Menu Caroselli Beachler McTiernan & Conboy, L.L.C.
Pittsburgh 412-567-1232
Philadelphia 215-792-6153
Se habla español
Representing personal injury victims and their families since 1972.

About Caroselli Beachler McTiernan & Conboy in Pittsburgh PA

Caro 866-466-5789 Caroselli Beachler McTiernan & Conboy in Pittsburgh, Pennsylvania represents personal injury, workers’ compensation, Social Security and insurance litigation matters. Contact the experienced attorneys for help.

Pittsburgh Premises Liability Law Blog

Pennsylvania airport, airline sued for fall at departure area

You don't visit a neighbor or shop at an Allegheny County store anticipating you'll be hurt. You assume others will maintain a safe property the way you do. This safety agreement is more than common courtesy -- the property owner is obligated to take reasonable steps to protect visitors from injuries.

A woman preparing to take a flight out of Philadelphia International Airport suffered serious injuries in a departure lounge. The out-of-state resident recently filed a premises liability claim stating a chair in the waiting area collapsed, when the woman sat on it. The passenger's head and back hit a wall when she fell backward.

Home explosion critically injures Pennsylvania mother, daughter

Human mistakes are often the cause of gas-related accidents. Gas explosions and fires produced by them result in large-scale property damage, fatalities and catastrophic injuries for survivors. The sources for these destructive accidents are propane tank leaks, faulty natural gas connectors or valves, improper gas equipment installation and unmaintained or outdated pipelines.

A 2012 report stated half the gas pipelines in the U.S. were at least half a century old. A deadly 2011 underground gas explosion in Allentown claimed the lives of five people and damaged dozens of homes. The gas leak was traced to cast-iron gas pipes installed in the Pennsylvania neighborhood more than 80 years ago.

Is liability automatic for Allegheny County property owners?

According to the National Safety Council, about 8.9 million people in the U.S. are treated in hospitals each year for fall-related injuries. When you slip and fall or trip and fall at a location other than home, the owner or operator of that property may be responsible for your medical expenses and other losses.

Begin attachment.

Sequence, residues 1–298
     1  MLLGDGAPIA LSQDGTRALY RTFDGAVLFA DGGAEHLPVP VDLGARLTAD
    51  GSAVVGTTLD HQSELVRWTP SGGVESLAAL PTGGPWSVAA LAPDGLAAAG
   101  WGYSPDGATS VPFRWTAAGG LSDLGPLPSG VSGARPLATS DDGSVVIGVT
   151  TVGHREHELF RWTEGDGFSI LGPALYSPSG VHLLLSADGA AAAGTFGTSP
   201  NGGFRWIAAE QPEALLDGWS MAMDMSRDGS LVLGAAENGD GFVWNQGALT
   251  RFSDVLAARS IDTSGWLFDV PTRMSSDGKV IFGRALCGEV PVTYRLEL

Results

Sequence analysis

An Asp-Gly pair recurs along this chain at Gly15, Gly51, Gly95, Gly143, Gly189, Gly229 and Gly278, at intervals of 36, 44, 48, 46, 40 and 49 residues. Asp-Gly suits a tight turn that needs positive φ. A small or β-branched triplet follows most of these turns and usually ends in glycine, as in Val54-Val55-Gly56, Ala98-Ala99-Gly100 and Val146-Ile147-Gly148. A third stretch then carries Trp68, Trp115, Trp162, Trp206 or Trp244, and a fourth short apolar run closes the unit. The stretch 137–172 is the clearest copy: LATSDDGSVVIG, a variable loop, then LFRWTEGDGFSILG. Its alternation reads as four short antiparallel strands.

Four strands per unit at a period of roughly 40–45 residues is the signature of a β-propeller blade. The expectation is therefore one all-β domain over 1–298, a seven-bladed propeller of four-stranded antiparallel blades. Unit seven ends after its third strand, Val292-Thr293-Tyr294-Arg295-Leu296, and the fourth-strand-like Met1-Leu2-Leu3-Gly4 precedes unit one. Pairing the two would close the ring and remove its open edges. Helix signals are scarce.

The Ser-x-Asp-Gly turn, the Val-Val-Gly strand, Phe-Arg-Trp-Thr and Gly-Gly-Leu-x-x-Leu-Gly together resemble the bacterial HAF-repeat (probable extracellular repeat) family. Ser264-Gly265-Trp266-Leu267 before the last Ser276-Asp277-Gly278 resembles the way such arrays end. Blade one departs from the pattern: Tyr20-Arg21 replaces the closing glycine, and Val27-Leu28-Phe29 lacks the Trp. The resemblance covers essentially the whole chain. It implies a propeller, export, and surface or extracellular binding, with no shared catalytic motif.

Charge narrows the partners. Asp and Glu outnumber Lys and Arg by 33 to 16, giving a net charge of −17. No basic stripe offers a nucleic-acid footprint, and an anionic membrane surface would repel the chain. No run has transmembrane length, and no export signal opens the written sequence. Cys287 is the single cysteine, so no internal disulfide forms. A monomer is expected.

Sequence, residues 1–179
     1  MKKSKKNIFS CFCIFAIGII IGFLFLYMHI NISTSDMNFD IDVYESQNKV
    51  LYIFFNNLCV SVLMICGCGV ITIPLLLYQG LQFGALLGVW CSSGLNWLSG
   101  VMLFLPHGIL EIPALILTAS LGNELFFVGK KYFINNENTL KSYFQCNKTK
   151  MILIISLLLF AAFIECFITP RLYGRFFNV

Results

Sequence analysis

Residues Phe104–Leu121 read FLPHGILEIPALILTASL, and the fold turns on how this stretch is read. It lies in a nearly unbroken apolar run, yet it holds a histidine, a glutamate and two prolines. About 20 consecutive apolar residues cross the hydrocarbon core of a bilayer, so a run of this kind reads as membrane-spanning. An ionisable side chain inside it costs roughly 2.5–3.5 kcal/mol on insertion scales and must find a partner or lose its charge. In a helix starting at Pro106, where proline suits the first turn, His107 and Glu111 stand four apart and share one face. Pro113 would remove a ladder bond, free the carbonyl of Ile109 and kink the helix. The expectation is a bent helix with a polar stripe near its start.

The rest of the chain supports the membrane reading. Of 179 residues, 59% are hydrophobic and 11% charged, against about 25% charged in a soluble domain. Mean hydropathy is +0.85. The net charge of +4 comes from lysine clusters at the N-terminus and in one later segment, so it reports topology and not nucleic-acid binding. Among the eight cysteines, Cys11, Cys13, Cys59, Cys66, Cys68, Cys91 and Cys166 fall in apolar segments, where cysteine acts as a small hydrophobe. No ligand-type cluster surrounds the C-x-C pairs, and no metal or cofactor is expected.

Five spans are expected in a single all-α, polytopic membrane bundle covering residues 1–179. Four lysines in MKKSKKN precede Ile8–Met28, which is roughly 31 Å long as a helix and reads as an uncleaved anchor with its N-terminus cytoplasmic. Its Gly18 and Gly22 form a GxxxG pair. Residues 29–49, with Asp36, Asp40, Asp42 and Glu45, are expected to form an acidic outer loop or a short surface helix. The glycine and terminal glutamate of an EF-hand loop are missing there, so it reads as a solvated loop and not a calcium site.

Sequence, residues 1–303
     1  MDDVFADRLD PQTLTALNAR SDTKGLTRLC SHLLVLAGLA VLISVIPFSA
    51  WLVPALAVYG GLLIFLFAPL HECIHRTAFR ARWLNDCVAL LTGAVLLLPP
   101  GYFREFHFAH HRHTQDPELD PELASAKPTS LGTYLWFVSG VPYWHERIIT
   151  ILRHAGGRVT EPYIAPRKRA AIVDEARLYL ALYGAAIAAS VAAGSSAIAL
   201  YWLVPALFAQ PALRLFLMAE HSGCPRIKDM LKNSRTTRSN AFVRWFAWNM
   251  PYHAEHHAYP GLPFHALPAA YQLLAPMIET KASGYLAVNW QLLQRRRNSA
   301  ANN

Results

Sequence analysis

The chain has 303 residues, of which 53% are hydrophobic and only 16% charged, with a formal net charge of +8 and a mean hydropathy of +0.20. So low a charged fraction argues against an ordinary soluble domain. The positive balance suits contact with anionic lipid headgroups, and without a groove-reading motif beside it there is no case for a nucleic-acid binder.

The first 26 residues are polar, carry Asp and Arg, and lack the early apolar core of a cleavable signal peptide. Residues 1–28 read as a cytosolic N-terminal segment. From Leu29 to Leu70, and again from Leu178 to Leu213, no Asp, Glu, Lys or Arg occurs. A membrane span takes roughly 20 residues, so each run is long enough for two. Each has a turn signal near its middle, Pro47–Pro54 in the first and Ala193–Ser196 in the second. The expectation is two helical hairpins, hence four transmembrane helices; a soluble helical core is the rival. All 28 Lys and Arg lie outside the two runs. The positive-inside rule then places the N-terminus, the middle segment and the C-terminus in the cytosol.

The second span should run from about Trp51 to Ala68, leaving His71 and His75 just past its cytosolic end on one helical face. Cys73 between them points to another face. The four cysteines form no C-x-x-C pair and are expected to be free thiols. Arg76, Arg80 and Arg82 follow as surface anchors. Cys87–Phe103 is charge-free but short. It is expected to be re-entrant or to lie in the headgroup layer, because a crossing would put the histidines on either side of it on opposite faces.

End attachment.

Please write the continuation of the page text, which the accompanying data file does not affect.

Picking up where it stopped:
Fault and subsequent compensation for Allegheny County premises injury accidents depend upon the circumstances of each case. A property owner is not automatically responsible for visitors' injuries, even if a fall victim's injuries are severe. A legal claim is valid only when the injury is tied to property owner negligence.

Pennsylvania stores: Not as safe as customers believe

Allegheny County shoppers anticipate bargains while visiting stores. We don't think about getting hurt, but store accidents happen more than you think. An average of 24,000 children is injured every year in shopping cart accidents, according to a January 2014 Clinical Pediatrics report.

Researchers at Nationwide Children's Hospital studied information about emergency room treatments among children under age 15. From 1990 to 2011, nearly 531,000 children were injured in shopping cart-related accidents. That translated to cart accidents requiring hospitalization once every 22 minutes or 66 child injuries each day.

Premises liability case blames Lowe’s for worker negligence

An Allegheny County home or business owner may be liable for actions they did or did not take to prevent visitor harm. Property owners can't focus solely on the removal of existing hazards. Reasonable precautions must be taken for foreseeable unsafe conditions.

Premises liability disputes may revolve around a defendant's knowledge of an unsafe condition. A store might claim employees could not mop up a floor spill because workers were unaware the slip-and-fall hazard existed. However, storeowners and operators have an obligation to maintain a safe property and consequently, must anticipate probable danger.